But Picasso himself could not  live  with this loss of the human. When he was in love with Olga and later Jacqueline he did not consistently paint them in a fragmented way. At crucial  points of their relationship he painted them as they really were with all his genius, with all their humanity. When he was painting his own young children he did not use fragmented techniques and presentation. Picasso had many mistresses, but these were the two women he married. It is interesting that Jacqueline kept one of these paintings in her private sitting room. Duncan says of this lovely picture, “Hanging precariously on an old nail driven high on one of La Californie’s (Picasso and Jacqueline’s home) second floor sitting room walls, a portrait of Jacqueline Picasso reigns supreme. The room is her  domain…Painted in oil with charcoal, the picture has been at her side since shortly after she and the maestro met…She loves it and wants in nearby.” 
I want you to understand that I am not saying that gentleness and humanness is not present in modern art, but as the techniques of modern art advanced, humanity was increasingly fragmented–as we shall see, for example, with Marcel Duchamp….The opposite of fragmentation would be unity, and the old philosophic thinkers thought they could bring forth this unity from  the humanist base and then they gave this up.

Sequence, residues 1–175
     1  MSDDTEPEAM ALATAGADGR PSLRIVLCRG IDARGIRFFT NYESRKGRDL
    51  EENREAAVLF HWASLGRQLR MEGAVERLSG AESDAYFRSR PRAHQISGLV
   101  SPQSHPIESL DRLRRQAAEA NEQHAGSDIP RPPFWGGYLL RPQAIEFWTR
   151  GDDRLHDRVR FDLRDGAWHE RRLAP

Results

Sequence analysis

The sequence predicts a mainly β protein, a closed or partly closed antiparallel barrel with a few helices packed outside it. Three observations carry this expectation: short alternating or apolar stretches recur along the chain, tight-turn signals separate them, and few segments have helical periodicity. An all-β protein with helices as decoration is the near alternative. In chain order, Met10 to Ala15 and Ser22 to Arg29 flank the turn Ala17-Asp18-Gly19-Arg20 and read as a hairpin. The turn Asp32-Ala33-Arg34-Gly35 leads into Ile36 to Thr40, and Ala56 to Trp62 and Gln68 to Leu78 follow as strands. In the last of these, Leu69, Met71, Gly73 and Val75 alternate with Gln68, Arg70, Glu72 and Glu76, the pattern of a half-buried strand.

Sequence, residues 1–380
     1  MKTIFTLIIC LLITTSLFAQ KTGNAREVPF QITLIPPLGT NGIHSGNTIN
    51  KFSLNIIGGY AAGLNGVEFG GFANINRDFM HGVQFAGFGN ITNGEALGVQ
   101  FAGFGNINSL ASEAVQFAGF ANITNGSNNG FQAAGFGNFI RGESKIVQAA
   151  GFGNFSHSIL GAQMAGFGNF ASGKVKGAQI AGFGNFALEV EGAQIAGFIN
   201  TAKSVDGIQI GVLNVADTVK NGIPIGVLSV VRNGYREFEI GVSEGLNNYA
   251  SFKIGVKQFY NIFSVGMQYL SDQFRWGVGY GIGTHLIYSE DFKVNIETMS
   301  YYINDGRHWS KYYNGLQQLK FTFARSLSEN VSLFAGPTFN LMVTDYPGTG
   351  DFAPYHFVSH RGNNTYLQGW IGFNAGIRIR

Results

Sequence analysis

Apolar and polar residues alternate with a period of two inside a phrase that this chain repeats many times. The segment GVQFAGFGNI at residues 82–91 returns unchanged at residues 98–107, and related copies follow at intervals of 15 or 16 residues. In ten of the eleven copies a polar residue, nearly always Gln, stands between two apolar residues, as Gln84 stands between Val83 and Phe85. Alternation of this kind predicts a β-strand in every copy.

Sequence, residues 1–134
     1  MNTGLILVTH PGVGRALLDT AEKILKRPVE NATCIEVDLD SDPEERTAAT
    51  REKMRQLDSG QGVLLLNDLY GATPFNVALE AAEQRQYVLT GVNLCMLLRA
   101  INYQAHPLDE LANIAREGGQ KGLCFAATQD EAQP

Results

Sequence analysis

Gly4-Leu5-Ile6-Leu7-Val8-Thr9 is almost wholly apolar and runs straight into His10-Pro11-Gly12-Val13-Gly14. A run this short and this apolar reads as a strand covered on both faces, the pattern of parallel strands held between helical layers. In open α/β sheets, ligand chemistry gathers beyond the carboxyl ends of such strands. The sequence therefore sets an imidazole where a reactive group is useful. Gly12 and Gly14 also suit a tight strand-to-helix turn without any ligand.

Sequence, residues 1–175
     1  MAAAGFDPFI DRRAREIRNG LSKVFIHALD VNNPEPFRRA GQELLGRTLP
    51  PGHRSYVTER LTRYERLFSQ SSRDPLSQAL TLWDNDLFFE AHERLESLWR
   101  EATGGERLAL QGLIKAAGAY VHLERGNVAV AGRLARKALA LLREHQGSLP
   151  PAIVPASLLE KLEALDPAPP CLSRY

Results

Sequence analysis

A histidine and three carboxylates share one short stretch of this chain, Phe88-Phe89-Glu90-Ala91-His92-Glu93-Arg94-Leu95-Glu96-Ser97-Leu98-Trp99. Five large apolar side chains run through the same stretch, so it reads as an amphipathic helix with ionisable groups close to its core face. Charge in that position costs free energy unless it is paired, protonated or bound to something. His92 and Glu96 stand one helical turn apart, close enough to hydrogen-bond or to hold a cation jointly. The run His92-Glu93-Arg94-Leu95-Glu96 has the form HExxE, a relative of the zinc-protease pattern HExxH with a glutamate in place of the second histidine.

The modern thinking has accepted fragmentation as a defeat really, a defeat that human mentality beginning from itself can’t bring forth an unity of thought and of life. By unity what we mean is that which would include all of thought and all of life. It can achieved if indeed God has spoken and has not been silent, and in giving us the facts that man could not find for himself, there is an unity inside of which all that marvelous diversity then man can study, has an unified place whether it is knowledge, or in values, and in life.
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Picasso and Olga Khokhlova

Their son Paulo (Paul) was born in 1921 (and died in 1975), influencing Picasso’s imagery to turn to mother and child themes.  Paul’s three children are Pablito (1949-1973), Marina (born in 1951), and Bernard (1959).  Some of the Picassos in this Saper Galleries exhibition are from Marina and Bernard’s  personal Picasso collection.

Pablo Picasso. Portrait of Paul Picasso as a Child.

Portrait of Paul Picasso as a Child. 1923. Oil on canvas.
Collection of Paul Picasso, Paris, France.

In 1917 ballerina Olga Khokhlova (1891-1955) met Picasso while the artist was designing the ballet “Parade” in Rome, to be performed by the Ballet Russe.  They married in the Russian Orthodox church in Paris in 1918 and lived a life of conflict.  She was of high society and enjoyed formal events while Picasso was more bohemian in his interests and pursuits.  Their son Paulo (Paul) was born in 1921 (and died in 1975), influencing Picasso’s imagery to turn to mother and child themes.  Paul’s three children are Pablito (1949-1973), Marina (born in 1951), and Bernard (1959).  Some of the Picassos in this Saper Galleries exhibition are from Marina and Bernard’s  personal Picasso collection.

https://i2.wp.com/www.sapergalleries.com/PicassoOlga.jpg

https://i2.wp.com/www.sapergalleries.com/PicassoOlgaPhoto.jpg